Estonia makes good progress in cleaning up Baltic
Estonia is gaining control over its worst pollution hotspots that drain into the Baltic Sea, but needs a further EUR30 million (£19 million) in order to clear up its remaining problem areas, according to a major marine environmental body.
At a regional review meeting of the Baltic Marine Environment Protection Commission, known as the Helsinki Commission (HELCOM), it was announced that Estonia has managed to restore most of the 13 environmental hotspots identified in 1992.
Until recently, huge amounts of sewage and toxic industrial wastewater were being released into the sea, according to HELCOM. Following the collapse of the Soviet Union at the beginning of the 1990’s, the country’s economy was at rock-bottom, Ulrich Kremser, Co-ordinator of HELCOM’s Programme Implementation Task Force (PITF) told edie, from which point the country had to change its techniques and attitudes, a process which has also been assisted by the country’s attempts to access the European Union. By the end of this year, HELCOM expects there to be only five Estonian pollution hotspots remaining, with a further two to be removed from the list shortly afterwards.
Three hotspots, however, are still of concern, and, says HELCOM, will require considerable funding in order to turn them around. The troublesome three, says the organisation, are the pulp and paper industry in Kehra, the wastewater treatment plant of Kohtla Järve, and the Narva power plant. The power plant, for example, is one of the largest oil shale fired thermal power stations in the world, emitting 166,000 tonnes of sulphur dioxide and more than 153,000 tonnes of solid particles per year, and requires total modernisation, says HELCOM.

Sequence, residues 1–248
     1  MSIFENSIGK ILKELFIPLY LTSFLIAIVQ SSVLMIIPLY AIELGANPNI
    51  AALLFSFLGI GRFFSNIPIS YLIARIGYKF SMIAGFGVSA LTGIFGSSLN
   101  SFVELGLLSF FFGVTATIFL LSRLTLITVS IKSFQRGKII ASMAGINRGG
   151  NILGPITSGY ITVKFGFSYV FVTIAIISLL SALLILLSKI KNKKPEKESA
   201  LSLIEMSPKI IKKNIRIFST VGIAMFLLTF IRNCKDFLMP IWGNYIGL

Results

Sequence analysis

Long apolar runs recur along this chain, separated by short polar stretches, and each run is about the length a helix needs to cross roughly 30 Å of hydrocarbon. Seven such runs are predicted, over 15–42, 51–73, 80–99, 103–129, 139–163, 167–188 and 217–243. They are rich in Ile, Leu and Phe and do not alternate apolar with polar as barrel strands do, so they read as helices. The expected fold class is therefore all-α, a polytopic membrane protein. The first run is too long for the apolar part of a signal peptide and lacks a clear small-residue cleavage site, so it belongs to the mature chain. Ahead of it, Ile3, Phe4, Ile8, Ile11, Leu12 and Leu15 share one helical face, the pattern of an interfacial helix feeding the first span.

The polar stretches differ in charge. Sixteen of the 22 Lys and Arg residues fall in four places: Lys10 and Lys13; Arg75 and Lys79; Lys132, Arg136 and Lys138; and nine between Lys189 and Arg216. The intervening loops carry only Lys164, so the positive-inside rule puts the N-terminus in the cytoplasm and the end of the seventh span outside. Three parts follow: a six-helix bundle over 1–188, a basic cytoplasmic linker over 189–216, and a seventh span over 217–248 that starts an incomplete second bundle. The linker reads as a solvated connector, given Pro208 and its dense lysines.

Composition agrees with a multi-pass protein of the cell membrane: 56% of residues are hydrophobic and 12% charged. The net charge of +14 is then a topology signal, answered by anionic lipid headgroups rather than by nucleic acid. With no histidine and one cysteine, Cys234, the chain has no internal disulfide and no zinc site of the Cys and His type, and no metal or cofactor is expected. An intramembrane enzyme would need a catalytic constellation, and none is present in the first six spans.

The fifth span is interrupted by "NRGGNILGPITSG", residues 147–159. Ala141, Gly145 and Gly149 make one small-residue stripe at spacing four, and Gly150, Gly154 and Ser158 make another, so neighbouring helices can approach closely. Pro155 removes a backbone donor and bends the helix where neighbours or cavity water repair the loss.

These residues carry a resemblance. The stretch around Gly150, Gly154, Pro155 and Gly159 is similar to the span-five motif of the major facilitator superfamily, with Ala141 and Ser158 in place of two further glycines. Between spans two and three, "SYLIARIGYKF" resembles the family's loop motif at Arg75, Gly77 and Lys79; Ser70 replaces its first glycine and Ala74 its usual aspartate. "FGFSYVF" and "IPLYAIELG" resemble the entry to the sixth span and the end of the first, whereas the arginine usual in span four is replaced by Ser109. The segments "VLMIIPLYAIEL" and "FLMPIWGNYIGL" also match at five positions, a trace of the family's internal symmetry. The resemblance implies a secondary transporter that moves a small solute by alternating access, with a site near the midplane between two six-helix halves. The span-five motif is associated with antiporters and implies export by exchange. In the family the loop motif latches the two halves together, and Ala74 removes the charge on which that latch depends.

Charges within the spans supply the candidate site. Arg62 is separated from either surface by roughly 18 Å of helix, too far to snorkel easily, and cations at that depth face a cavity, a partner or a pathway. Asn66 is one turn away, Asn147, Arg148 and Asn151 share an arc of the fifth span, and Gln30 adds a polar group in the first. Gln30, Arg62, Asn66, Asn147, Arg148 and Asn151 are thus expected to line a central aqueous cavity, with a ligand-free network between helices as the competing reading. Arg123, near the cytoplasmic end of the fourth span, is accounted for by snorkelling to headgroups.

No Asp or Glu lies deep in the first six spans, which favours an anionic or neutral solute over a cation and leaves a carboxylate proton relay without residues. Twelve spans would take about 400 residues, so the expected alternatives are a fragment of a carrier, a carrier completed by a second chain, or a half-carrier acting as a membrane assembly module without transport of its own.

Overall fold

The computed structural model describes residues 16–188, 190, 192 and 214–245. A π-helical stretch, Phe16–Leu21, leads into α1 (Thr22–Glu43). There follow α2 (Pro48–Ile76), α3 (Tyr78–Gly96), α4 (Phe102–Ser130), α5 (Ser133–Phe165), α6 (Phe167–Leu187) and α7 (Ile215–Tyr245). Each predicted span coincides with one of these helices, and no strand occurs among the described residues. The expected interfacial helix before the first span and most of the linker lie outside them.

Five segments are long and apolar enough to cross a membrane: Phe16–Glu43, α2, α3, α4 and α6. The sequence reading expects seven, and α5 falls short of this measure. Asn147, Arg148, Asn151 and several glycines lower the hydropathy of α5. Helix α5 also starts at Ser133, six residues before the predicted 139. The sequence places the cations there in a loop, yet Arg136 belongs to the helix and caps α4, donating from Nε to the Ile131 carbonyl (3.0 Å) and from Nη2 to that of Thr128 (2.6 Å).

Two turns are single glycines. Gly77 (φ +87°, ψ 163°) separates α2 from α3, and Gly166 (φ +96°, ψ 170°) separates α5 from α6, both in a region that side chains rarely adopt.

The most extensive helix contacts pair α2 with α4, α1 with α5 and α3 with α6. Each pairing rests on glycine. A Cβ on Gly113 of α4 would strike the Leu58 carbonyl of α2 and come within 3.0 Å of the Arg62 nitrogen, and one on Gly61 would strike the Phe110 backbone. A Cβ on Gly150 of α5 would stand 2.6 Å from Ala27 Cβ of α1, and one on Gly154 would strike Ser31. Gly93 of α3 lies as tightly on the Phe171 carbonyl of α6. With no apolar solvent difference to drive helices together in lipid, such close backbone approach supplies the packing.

The extra money is required mostly for wastewater treatment, and will be in addition to the EUR45 million (£29 million) which has already been invested by the Estonian public sector, as well as loans from international finance organisations and bilateral development contributions. Although it is expected that some of the new funding will also come from international finance organisations such as the European Bank for Reconstruction and Development (EBRD), 75% will have to come from domestic sources, says Kremser. Göte Svenson, Chairman of the PITF, also advises the use of public private partnerships and to hand over more responsibility to the municipalities.
Another source of pollution which remains of concern in Estonia is from the agricultural sector. Nutrient inputs and pesticide residues are still impairing the Baltic Sea ecosystem, although the consumption of mineral fertilisers has been reduced significantly over the last decade from 147,000 tonnes in 1989 to 35,000 tonnes in 1998. This reduction, says Kremser, is in part due to the economic crisis in Estonia, which means that a recovery in the economy could result in another rise in pollution, he said.
Estonia is the third Baltic Sea state to be visited by the HELCOM PITF, with Lithuania and Latvia previously being found to exhibit similar positive environmental progress. Later on this year, regional hotspot check-ups will also take place in Kalingrad, St Petersburg, and Krakow. HELCOM PITF has been monitoring a total of 132 hotspots around the Baltic Sea, a number of which have been sufficiently remedied to allow them to be removed from the list.
Hotspots are classified by HELCOM as ‘municipal’ hotspots, which exhibit characteristics such as high discharges of industrial hazardous substances or chlorine, from wastewater treatment plants, or leaking sewer systems, which significantly effect the marine ecosystem functioning; and as ‘industrial’ hotspots, where facilities emit high levels of hazardous substances, organic matter, salt or oil, or where facilities cause soil contamination which results in the same effects.
HELCOM has also recently stressed concern over the increasing risk of pollution incidents from ships in the Baltic Sea (see related story).
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